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Detective Monks and a Killer Virus

The Name of the Rose is wicked good. I'd be really interested in whether the preface is fact, or just something Umberto Eco added to the story, because it is for all intents and purposes a Sherlock Holmes book. I'm sure anyone who's ever read it knows this, but I was still highly amused.
1. The detective/monk is named William of Baskerville. (Hound of the Baskervilles)
2. The tale was written down by his young assistant. (Watson)
3. Brother William has a habit of chewing on a certain root, which leads to him being manic and indefatiguable sometimes, and lethargic and misery-ridden other times. (Holmes and his coke habit)
4. Brother William likes to startle people with his remarkably astute observations. (This is just obvious)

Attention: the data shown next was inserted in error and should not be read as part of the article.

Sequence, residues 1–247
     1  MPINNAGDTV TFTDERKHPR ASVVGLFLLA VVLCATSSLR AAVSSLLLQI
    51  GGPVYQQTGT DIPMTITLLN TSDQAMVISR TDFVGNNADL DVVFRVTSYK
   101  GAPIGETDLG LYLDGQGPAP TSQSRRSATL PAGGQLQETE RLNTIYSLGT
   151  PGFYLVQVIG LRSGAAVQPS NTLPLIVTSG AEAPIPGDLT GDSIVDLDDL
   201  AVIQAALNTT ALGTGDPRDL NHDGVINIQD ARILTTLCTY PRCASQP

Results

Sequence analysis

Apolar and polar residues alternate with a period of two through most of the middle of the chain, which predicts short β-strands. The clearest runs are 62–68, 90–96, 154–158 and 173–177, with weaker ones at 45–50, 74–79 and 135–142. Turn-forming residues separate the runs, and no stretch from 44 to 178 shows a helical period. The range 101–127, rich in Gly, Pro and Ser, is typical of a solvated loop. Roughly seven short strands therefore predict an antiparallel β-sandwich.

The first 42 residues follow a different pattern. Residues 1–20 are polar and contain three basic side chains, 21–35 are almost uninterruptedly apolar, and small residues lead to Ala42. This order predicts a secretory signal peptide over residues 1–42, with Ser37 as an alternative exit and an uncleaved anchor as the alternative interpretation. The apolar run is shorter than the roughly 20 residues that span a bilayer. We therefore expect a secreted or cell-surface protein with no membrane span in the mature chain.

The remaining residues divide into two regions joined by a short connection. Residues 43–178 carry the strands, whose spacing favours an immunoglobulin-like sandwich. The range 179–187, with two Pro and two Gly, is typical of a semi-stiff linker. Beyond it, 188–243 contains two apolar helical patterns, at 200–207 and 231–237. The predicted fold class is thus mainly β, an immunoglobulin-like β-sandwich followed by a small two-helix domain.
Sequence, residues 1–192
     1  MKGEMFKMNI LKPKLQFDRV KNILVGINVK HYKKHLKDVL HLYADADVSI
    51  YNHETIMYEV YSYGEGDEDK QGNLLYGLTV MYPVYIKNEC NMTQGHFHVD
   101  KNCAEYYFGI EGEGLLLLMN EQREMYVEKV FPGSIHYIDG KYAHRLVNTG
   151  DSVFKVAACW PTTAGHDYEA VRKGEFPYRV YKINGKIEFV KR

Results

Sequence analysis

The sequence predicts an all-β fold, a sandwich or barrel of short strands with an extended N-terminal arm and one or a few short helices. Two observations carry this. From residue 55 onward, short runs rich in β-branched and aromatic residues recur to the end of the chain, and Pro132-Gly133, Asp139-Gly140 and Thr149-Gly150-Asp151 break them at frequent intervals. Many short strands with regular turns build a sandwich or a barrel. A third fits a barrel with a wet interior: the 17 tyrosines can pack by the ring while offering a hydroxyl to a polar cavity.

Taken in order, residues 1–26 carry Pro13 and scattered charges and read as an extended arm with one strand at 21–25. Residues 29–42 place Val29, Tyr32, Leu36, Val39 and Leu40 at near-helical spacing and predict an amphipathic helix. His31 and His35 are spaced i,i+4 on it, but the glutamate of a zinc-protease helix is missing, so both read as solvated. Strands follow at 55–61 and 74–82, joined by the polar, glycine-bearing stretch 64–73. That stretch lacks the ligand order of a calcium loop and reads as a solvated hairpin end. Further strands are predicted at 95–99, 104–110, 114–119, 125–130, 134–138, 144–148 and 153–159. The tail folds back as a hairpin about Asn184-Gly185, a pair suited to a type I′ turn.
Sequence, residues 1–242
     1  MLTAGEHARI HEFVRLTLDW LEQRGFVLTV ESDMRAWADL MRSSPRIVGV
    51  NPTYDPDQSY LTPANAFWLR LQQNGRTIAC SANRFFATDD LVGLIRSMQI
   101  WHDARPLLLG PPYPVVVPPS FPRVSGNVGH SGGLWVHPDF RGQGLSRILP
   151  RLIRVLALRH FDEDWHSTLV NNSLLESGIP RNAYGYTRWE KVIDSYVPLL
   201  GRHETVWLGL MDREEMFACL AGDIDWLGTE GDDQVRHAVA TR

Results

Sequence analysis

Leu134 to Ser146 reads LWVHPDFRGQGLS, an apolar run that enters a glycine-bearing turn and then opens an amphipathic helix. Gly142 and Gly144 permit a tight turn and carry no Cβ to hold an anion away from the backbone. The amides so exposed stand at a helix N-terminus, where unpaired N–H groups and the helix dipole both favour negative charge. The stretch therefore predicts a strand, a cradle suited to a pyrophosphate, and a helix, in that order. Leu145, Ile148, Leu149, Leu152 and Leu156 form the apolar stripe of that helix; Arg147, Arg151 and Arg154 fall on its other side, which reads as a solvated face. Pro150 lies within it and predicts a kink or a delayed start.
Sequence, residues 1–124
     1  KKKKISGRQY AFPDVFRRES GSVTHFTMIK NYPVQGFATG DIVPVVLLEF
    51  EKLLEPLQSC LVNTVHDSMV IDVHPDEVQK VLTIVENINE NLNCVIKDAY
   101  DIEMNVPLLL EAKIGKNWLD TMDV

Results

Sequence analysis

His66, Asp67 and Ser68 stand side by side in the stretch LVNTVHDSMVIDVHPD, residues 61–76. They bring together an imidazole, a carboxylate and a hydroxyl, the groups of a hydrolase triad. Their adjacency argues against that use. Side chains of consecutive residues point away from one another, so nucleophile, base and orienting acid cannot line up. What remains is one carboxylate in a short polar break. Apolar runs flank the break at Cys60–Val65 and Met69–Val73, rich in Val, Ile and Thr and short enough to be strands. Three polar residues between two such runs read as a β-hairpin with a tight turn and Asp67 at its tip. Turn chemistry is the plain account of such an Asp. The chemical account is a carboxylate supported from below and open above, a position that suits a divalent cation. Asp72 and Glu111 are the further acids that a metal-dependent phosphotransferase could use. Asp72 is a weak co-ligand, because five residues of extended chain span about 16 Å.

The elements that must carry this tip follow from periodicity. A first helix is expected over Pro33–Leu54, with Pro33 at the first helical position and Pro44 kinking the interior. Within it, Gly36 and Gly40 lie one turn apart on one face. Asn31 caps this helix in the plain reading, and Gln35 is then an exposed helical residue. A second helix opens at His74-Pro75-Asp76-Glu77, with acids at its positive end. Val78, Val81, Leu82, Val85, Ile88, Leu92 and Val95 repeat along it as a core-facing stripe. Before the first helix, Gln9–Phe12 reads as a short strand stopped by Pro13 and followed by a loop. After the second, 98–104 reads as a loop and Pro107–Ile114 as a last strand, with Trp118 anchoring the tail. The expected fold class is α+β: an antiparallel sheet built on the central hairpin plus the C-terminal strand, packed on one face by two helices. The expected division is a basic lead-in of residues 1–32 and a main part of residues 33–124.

I'm only about 40 pages in, but not only am I enjoying the plot, I'm also enjoying the "Where's Waldo" aspect of watching out for other Holmes references. In the movie, Brother William is played by Sean Connery, and I must admit I'd just love to see that. Not only that, but the story is set at the monastery of Melk, which I happened to visit on my first trip to Germany (Remember it, BackinBlack? Wasn't it the one with the terrific view where everything was coated in gold? If we DID go there, BackinBlack probably has a lot of pictures, since I believe in the week we were abroad he took eleventy-billion roles of film...)

I'm also reading The Stand again--the uncut version, which apparently has, like, a hundred more pages than the first publication. It's a lot scarier than it was the first time I read it, due to the historical/contextural lense I'm viewing it through. See, basically, the US military developed this terrifyingly contagious, extremely deadly disease for biological warfare, but there was an accident, it got out, and it wipes out something like 90% of the world's population in about a week and a half. Right now, I'm still in the first few chapters, and there's all kinds of military cover-ups and manipulations of the media. Very creepy.

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